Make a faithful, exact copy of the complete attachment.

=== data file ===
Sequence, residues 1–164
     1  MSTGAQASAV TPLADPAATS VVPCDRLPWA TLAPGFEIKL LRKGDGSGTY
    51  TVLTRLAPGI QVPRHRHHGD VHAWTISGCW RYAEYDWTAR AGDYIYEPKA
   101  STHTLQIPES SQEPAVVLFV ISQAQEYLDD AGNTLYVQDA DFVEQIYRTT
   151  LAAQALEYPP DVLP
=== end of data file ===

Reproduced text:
Sequence, residues 1–164
     1  MSTGAQASAV TPLADPAATS VVPCDRLPWA TLAPGFEIKL LRKGDGSGTY
    51  TVLTRLAPGI QVPRHRHHGD VHAWTISGCW RYAEYDWTAR AGDYIYEPKA
   101  STHTLQIPES SQEPAVVLFV ISQAQEYLDD AGNTLYVQDA DFVEQIYRTT
   151  LAAQALEYPP DVLP